We’re All Connected
I’m in Downtown Berkeley BART looking at three pay phones and a spot where there should be a fourth. I doubt the fourth will ever return. Staring at the empty spot, I remember the last time I was inside a phone booth. I was in London, calling home and telling my mother I’d be going to Wimbledon the next day. It was a black phone booth located located across the street from my hostel and right next to Hyde Park in London, the city of red phone booths.
I take out my cell phone to check my e-mail. Eight years ago, I made the argument, “Who needs a cell phone with all these pay phones?” Telephone companies now appear to be operating under the philosophy, “Who needs a pay phone with all these cell phones?” Case in point, they’re now only found where cell phones are not easily usable, like subways and international airports. If I stand on the steps, though, I can get a signal, though. I’ve got mail!
Two months ago, I had a cell phone that couldn’t even check e-mail, and I recall the evolution of the phone and its industry during my short lifetime. Long before I was dialing numbers of my own, I was watching black-and-white episodes of The Donna Reed Show and Mr. Ed on Nick at Nite, which all featured episodes about party lines. I remember thinking how cool it would be to have one phone line for the neighborhood. Our home in Athens had a rotary phone, a device that might invite some blank stares if I were to mention it today. Then there were the stories I’d hear in New Jersey about Ma Bell and that 1984 decision to part her from her children. The Baby Bells would grow up to be a rebellious, incestuous, and even Oedipal bunch.
As the train arrives, I notice a program a friend wrote on my phone and remember my own experiences playing with these devices. There was the day my dad handed me a broken phone and a screwdriver, which I promptly disassembled and put back together with reordered numbers as if they were stickers on a Rubik’s cube. During a winter break in college, I produced touch tone sounds in MATLAB on a whim. It turned out the tones were simply the superposition of two sine waves with differing frequencies. I would later learn about matched filters, the tool automated systems use to figure out whether a caller is pushing “for English” or “para Español.” And of course, there was grad school, my six-year relationship with wireless communication. I even tried writing a short program of my own for the cell phone while taking a business class last year. While I failed, a more advanced version of it is now standard on most smart phones.
I’ve made it to San Francisco and the MUNI. There’s only one pay phone at this stop, but that’s enough for a song about one of the Baby Bells to pop into my head: “We’re all connected… New York Telephone.” While New Jersey was the home of Ma Bell, its television stations were either from New York or Philly, so we didn’t get our own song, unless you count the one by the Beastie Boys: “Like Ma Bell, I got the ill communication!” While the Beastie Boys were repeating that chorus on the playlists of many a college student, New York Telephone became NYNEX: The Heart of Communication, uttered by James Earl Jones in his Darth Vader voice. NYNEX became Bell Atlantic: The Heart of Communication, spoken by James Earl Jones in his Mufasa voice. Bell Atlantic became Verizon. James Earl Jones continued to speak in his distinctive voice, but he no longer spoke of communication or its heart. Can you hear him now? Gooood! And there were interesting relationships taking place among the Baby Bells in the West. PacBell was devoured by Southwestern Bell Corporation (SBC), who then married Ma Bell and took her title. It was like the Greek tragedy minus the eye-gouging at the end.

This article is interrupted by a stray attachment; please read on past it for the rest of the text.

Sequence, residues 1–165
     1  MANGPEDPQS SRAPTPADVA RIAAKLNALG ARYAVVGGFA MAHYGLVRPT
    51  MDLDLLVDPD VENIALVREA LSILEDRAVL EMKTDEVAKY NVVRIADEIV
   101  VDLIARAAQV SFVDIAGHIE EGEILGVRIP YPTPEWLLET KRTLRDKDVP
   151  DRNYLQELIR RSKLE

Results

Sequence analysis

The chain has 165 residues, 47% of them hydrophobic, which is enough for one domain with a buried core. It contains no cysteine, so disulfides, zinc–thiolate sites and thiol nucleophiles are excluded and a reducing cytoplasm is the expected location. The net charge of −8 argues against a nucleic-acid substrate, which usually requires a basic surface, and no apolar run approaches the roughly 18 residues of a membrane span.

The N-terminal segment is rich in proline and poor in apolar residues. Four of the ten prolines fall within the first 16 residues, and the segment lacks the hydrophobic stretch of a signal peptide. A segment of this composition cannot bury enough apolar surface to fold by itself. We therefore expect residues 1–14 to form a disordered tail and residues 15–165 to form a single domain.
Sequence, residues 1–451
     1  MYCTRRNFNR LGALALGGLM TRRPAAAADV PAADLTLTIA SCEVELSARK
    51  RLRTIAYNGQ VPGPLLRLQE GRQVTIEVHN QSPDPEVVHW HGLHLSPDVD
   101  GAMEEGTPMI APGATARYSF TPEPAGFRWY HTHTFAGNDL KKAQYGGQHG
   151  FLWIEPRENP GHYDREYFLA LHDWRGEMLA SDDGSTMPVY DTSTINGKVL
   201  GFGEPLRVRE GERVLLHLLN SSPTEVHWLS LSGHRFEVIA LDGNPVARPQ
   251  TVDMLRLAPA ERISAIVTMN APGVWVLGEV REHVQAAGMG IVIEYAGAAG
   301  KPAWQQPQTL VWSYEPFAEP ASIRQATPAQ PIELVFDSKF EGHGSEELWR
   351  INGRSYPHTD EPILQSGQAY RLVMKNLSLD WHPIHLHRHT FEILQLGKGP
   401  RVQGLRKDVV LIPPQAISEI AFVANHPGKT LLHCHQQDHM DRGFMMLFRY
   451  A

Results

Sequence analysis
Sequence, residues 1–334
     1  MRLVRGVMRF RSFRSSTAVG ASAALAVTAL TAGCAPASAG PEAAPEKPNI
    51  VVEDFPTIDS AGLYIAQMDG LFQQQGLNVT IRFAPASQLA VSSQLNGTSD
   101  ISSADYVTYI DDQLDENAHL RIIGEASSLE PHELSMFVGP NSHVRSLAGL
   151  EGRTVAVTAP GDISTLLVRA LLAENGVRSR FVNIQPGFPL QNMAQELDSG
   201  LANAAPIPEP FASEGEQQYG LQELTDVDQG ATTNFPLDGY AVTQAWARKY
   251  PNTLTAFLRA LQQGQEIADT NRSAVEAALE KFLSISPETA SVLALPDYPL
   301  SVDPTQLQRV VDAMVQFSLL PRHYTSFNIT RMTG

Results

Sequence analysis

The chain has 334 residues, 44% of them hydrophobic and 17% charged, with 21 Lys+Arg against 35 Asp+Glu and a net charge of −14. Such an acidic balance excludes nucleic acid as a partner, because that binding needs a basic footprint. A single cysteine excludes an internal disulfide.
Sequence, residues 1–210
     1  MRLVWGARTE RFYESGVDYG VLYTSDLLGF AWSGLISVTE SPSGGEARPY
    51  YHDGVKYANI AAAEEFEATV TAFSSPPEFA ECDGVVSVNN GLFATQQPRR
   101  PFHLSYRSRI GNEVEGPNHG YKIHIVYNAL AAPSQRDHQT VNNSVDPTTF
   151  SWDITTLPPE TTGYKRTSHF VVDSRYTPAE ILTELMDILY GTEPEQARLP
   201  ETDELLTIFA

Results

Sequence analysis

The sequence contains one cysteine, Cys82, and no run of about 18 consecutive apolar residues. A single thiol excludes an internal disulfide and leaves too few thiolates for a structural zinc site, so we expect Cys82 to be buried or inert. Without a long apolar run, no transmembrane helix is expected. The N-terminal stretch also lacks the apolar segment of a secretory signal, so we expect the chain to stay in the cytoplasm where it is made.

I may have missed the last train, so once again, I take out the device that now keeps me connected. I am connected: to my parents, who still live in the land of Ma Bell; my sister’s family in Boston with a two-year-old niece that sometimes accidentally dials my phone number to say, “I love you!” or “Happy Birthday!” without really understanding what they mean; my cousins across the United States; and my grandmother in India. I am also connected to friends, past and present: the biology major turned high school social studies teacher who went with me to explore a town called Berkeley for the first time; the computer graphics expert turned computer medical expert who brought a tray from Jansen’s that we used to sled down Libe Slope; the prodigy turned programmer I built a Capture the Flag robot and designed the circuitry for a simple computer with; the biochemist turned applied mathematician I had dinner with one fateful evening in La Val’s, where we discussed The Matrix, housing, and professors we were considering as advisors; the English major turned lawyer who asked me if I’d heard of Claude Shannon on one of the first occasions we hung out; and many others.
The last train had broken down, but a replacement finally arrives, and I make my way above ground again, back to a world sprinkled with cell towers, soon to be supplemented with femtocells to support OFDM-based 4G networks. My mind is filled with buzzwords and catch phrases. I complete a brain purge on this blog before going to bed.